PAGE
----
License to Work: A National Study of Burdens from Occupational Licensing
License required in 29 states
30th most burdensome licensing requirements
36th most heavily regulated occupation
(Last updated April 24, 2012)
Insulation contractors contract with clients to line and cover structures with insulating materials. They may work with batt, roll or blown insulation materials.
Typically, only contractors require licenses, not insulators who work for them. Licensing requirements differ based on the scope of the work. Those with a residential license may work only on residential properties, while those with a commercial license may work on commercial properties. In some states, work on commercial properties requires a general contractor's license that is not specific to insulation; the requirements are generally the same as a commercial license, and they are treated the same here.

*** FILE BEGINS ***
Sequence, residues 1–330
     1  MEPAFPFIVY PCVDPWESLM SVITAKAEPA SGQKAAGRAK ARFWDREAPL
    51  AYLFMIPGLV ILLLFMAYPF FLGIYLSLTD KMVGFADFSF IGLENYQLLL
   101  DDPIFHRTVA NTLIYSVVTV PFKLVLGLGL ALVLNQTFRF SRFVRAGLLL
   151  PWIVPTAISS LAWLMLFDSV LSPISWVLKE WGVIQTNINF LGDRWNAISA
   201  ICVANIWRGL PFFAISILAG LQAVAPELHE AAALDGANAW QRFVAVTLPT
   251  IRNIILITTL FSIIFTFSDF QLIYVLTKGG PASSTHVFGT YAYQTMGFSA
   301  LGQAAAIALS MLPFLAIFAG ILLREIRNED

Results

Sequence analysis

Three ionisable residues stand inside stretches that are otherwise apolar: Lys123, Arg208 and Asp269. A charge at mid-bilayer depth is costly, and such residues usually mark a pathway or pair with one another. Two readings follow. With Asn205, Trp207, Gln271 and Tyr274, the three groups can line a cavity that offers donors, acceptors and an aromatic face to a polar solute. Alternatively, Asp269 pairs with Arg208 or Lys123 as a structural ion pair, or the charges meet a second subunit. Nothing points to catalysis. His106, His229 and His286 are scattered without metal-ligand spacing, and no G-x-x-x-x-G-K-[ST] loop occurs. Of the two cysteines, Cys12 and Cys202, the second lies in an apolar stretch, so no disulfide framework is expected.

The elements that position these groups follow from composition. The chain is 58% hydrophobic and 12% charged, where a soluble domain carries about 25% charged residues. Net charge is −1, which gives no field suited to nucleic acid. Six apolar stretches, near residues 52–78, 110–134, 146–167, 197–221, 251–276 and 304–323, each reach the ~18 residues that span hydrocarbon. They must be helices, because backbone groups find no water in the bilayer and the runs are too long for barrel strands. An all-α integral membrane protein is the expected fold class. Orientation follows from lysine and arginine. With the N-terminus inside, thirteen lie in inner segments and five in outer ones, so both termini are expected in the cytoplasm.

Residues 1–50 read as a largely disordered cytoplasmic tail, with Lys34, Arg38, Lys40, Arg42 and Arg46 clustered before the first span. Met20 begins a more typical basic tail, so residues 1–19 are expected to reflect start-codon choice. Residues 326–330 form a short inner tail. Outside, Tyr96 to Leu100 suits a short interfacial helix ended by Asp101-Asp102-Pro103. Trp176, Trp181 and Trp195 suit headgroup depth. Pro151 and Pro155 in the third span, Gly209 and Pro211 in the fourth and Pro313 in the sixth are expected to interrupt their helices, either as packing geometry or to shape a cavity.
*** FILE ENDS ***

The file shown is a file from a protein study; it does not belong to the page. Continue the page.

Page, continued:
Twenty-nine states require a general contractor or commercial license for insulators who work on commercial properties. While many states only impose a fee on insulation contractors who work on commercial sites, 10 states require significant education and training, ranging from two to five years, and 15 states require at least one exam, which makes installing insulation the 30th most burdensome occupation of those studied.
(Last updated May 2, 2012)
State Licensing Requirements
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